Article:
No, this isn’t the Postman reboot you’ve been waiting for…
Just a quicky lil summat-sum today, cus I’m feelin’ daring. As you’ll know, the Oscar noms came out a few days ago and, to prepare for an article on that over the weekend, I’ve been cramming in as many of the nominated flicks as possible, bringing us to this ol’ ting.
Boasting the starpower of Spielberg, Streep AND Hanks, it seems like this movie was MADE to be Oscar bait. Telling the true story of The Pentagon Papers being published in the Washington Post, The Post is your general awards-season political-thriller true-story fare, with a plot I have to pay attention to (ugh) and tour-de-force performances from big-ass names.
As you can expect, both Hanks and Streep put in some fantastic turns. Though I thought his role was a little small and underused, it’s impossible not to love Tommy boy in everything he’s in. The film was REALLY centered on Streep’s Kay Graham, the first female newspaper publisher. While it’s an important and relevant thing to document, I thought the film’s stressing upon female empowerment felt a little bit forced and advantageous on current events, including the Time’s Up movement. The plot worked on its own as a solid political thriller so squeezing in the subplot of Graham’s to such an extent made it all seem claustrophobic.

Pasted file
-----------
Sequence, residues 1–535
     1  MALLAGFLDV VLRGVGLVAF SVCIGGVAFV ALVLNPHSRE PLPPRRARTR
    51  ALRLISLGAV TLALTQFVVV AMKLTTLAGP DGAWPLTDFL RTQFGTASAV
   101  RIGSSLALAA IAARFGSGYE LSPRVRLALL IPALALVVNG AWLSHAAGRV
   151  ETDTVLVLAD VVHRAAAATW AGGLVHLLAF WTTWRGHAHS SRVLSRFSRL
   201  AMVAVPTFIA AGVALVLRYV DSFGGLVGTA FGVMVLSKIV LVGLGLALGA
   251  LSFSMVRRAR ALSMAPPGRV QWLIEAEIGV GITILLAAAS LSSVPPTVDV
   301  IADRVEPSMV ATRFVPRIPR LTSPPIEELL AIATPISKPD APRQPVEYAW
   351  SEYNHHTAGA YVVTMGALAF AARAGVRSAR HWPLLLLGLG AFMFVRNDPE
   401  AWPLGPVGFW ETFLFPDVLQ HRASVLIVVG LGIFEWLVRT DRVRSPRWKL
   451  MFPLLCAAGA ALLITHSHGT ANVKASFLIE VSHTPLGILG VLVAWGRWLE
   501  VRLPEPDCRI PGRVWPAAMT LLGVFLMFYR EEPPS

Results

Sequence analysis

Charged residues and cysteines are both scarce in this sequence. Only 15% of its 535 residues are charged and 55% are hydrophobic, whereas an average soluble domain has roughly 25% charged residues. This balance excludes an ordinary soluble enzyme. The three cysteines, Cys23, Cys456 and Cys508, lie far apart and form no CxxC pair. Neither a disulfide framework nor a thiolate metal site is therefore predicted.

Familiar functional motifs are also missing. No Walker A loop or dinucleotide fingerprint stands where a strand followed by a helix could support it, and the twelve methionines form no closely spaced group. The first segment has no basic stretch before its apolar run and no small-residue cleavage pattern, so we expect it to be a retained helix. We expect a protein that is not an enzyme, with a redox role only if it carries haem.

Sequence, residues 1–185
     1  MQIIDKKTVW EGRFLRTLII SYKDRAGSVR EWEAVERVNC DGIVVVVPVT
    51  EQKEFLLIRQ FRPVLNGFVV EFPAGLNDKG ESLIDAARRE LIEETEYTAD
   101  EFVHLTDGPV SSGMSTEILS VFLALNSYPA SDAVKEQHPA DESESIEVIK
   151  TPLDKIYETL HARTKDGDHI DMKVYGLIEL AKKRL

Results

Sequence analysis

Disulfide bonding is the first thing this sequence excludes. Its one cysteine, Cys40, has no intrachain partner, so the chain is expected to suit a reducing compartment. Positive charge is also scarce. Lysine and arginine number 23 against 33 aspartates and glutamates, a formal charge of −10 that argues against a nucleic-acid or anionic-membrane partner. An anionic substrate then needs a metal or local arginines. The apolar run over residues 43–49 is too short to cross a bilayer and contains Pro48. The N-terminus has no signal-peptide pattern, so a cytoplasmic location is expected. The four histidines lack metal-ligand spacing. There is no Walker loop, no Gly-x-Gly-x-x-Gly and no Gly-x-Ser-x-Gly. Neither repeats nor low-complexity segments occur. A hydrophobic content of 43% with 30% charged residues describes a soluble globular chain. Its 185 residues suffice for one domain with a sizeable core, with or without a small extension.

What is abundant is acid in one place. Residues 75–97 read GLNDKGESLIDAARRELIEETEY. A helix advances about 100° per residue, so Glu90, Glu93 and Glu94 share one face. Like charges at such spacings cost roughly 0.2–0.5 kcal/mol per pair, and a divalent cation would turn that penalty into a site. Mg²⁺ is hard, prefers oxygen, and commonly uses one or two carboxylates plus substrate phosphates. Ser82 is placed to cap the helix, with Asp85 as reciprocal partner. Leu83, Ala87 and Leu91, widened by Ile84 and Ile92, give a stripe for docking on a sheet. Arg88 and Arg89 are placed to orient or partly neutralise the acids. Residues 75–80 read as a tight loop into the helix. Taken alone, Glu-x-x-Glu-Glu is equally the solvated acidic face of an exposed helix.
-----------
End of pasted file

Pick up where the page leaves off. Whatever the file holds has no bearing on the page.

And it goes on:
That being said, Spielberg’s direction made it all worthwhile as the film’s biggest highlight, with an uncharacteristically intriguing sense of heaviness. Although I found the visual effects to make the film look more 70s (similar to those they used in Mindhunter (i’m pretty sure Vice or someone did a facebook video on it that I watched for 20 seconds and went back to wallowing in self-pity)) were kinda disorientating and not to my taste, the film’s visuals on the whole were very engaging and stylish.
Overall, The Post is expectedly a nice slice of Oscar bait that I can see winning sweeping awards on name value alone, with a slow plot and an atmosphere somewhere in between Frost/Nixon and Spotlight. Regardless, I did enjoy Hanks and Streep’s undeniable screen chemistry and Spielberg’s tried-and-tested directorial goodness.
Lots of hugs, kisses and lacerations